• The Phytophotora infestans (Peronospora), between 1845 and 1851 led to the destruction of potato cultivation in Europe, causing a decrease in the population of central and western Europe.
  • In 1959, a new biotype of black rust (Puccinia graminis) made its appearance in the United States, which destroyed much of the soft wheat crop, despite the presence of varieties bearing genes of resistance to the breeds up to then present.
  • In Uganda in 1999 a new black rust strain called Ug99 appears: about 90% of the world wheat harvest is susceptible to Ug99.
  • The reports of fusariosis of the ear have followed one another globally up to become, in the last decade of the twentieth century, the major factor limiting wheat cultivation in many parts of the world (Stack, 1999; Dubin et al., 1997).

Genetic resistance, therefore, is an extremely important factor for the development of new genotypes of Genetic Services. Molecular marker assisted selection methods (M.A.S.), are in place for the transfer of QTLs (Quantitative Trait Loci) and genes known to be highly efficient in the genotypes of interest. Among the main diseases of wheat (hard and soft) object of selection, important results have been obtained for brown rust (Pucinia recondita f.sp. graminis) yellow rust (Puccinia striiformis), septoria (Septoria tritici) and fusarium (Fusarium spp. ). Further results were obtained on the different species treated for the most harmful pathologies.

The numbers of our research









The History of Research

Since the beginning of the domestication of the plants, two historical moments have revolutionized this process, allowing the obtaining of plant material that has better responded to the requirements, as the historical course of the farmer has progressed. The first of these two moments occurs at the beginning of the century, when we realized the importance of the ideas of Gregor Johann Mendel (Experiments on plant hybrids, published in the journal of the Natural History Society of Brno in 1866). In 1900, his work was rediscovered by Hugo de Vries, Carl Correns and Erich von Tschermak. Ronald Fisher in 1918 used the Mendelian theory as the basis for modern synthesis in evolutionary biology. What could have been a vision of the phenotype was actually the end result of a complex biological process still unknown, but which was soon revealed.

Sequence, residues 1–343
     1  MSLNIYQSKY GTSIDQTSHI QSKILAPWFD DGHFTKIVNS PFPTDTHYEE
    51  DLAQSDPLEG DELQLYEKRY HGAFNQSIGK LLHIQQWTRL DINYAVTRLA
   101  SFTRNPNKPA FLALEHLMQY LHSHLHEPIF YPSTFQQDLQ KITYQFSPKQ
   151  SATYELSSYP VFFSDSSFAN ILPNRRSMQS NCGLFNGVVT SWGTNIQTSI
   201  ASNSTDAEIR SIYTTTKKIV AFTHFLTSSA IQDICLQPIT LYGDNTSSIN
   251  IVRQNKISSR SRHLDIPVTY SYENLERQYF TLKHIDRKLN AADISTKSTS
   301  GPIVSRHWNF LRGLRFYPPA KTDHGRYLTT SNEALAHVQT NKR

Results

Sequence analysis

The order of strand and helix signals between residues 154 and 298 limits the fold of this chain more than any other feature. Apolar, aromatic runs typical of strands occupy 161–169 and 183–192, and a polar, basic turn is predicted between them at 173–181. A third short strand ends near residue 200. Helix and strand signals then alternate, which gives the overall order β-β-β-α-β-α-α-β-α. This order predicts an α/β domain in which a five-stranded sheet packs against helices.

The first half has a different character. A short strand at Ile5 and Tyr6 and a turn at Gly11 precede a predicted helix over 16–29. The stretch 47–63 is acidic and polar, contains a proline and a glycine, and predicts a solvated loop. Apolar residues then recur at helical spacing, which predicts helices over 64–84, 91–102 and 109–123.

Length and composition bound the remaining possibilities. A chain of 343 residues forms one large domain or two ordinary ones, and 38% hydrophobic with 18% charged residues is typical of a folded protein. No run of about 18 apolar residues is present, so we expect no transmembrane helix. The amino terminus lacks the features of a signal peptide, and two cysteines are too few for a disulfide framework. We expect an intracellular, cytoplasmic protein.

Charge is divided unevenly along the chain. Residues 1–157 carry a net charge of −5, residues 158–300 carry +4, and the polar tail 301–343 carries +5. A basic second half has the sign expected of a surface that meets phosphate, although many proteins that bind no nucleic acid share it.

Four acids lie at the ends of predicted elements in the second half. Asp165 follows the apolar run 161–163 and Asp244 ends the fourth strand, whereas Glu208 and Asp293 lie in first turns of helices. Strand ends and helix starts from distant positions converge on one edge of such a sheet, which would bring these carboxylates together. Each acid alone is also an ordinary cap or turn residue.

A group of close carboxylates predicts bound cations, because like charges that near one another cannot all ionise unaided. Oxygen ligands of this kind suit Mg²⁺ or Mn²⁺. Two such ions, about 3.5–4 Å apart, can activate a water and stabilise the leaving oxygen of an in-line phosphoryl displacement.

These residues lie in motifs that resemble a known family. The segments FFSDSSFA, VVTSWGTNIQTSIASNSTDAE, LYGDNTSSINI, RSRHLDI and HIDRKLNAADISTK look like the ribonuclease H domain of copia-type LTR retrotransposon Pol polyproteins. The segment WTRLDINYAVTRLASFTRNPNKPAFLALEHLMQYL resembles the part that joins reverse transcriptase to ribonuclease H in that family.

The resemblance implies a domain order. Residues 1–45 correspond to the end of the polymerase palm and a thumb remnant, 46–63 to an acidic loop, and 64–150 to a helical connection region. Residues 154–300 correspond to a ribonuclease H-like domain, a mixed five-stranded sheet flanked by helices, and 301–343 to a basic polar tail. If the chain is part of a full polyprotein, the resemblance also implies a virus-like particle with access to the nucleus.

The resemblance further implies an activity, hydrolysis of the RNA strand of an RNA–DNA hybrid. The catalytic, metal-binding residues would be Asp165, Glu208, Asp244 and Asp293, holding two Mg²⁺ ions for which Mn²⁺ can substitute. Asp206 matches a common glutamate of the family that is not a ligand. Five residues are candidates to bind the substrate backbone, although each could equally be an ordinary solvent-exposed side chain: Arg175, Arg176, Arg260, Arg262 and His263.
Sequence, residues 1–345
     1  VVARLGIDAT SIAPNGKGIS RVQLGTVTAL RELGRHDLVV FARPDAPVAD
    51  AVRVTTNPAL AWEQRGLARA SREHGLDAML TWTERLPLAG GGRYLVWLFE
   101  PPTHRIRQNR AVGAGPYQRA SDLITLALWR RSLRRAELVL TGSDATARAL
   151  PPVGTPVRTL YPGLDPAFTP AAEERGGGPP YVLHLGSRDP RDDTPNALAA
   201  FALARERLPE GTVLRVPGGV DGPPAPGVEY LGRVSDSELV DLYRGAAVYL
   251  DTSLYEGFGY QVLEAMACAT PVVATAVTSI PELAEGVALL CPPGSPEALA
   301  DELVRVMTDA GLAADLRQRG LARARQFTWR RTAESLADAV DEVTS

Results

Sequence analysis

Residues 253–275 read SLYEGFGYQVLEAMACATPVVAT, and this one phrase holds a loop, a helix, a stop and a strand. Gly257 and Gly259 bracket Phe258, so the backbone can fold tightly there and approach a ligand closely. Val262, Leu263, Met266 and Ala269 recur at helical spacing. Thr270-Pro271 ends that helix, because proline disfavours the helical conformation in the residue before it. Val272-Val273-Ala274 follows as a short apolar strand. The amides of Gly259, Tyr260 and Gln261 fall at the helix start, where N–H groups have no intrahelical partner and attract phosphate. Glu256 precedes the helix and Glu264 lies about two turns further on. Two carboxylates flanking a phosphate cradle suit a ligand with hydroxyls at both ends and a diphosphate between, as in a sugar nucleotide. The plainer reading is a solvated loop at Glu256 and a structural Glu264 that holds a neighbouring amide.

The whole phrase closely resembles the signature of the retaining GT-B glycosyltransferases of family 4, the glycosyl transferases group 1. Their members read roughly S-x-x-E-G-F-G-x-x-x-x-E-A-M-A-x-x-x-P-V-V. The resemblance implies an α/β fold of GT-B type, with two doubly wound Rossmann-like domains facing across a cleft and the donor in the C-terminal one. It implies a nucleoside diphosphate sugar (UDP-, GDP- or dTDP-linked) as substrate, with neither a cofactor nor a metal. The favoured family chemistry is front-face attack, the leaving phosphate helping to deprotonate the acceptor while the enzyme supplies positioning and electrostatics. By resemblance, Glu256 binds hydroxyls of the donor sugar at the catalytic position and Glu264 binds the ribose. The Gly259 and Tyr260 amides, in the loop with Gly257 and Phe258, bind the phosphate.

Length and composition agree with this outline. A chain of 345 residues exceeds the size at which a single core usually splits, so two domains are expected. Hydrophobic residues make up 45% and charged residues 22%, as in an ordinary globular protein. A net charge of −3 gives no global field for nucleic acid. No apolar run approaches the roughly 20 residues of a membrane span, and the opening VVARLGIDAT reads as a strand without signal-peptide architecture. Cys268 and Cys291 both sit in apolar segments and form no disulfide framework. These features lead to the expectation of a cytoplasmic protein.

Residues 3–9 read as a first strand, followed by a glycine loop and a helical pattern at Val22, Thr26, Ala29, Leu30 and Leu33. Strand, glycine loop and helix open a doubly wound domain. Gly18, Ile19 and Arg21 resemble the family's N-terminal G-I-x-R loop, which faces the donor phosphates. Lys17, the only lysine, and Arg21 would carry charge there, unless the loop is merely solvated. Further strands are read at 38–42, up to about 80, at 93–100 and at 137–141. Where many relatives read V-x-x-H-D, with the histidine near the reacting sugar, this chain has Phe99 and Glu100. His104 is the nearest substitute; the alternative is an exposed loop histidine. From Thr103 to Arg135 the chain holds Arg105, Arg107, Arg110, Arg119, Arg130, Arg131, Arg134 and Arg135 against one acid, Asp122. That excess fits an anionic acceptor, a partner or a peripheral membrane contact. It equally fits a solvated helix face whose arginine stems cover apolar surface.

To pave the way for the understanding of which biological processes were at the base of the genetic differences between the different species, or between different individuals of the same species, were two researchers: the American James Watson and the British Francis Crick who, in 1953, presented in the magazine Nature what is now known as the first accurate model of DNA structure: that of the double helix. This represents the second fundamental historical moment that will profoundly mark the evolution of modern genetics. In an important presentation in 1957, Crick proposed the central dogma of molecular biology, which establishes the relationships between DNA, RNA and proteins. The final confirmation of the replication mechanism based on the double helix structure was provided in 1958 by the Meselson-Stahl experiment. A subsequent work by Crick showed how the genetic code was based on triplets of non-overlapping bases, allowing Har Gobind Khorana, Robert Holley and Marshall Warren Nirenberg to decipher it. These discoveries are the basis of modern molecular biology.

Since 1953, DNA research has made great strides. Today we are no longer discussing the established DNA structure, but what a particular piece of DNA does, how our history is written inside this molecule, the relationship between DNA and disease, and the use of this molecule in those that new biotechnologies are defined. We must not forget, however, a third key step that allowed us to read and decipher the enormous sequence of nitrogenous bases that constitute the genetic information of every living individual: the discovery of the polymerase chain reaction (Polymerase Chain Reaction or PCR ), a technique that has revolutionized the world of chemistry and genetics, allowing the in vitro amplification of DNA fragments with innumerable applications in the medical, agricultural and animal fields. This discovery was made in 1983 by Kary Banks Mullis and earned him the Nobel Prize in chemistry in 1993. If today molecular technology has allowed us to sequentially different genomes of different living species, including humans, and to identify several genes of interest, both human, animal and plant, a big thank you goes to this man.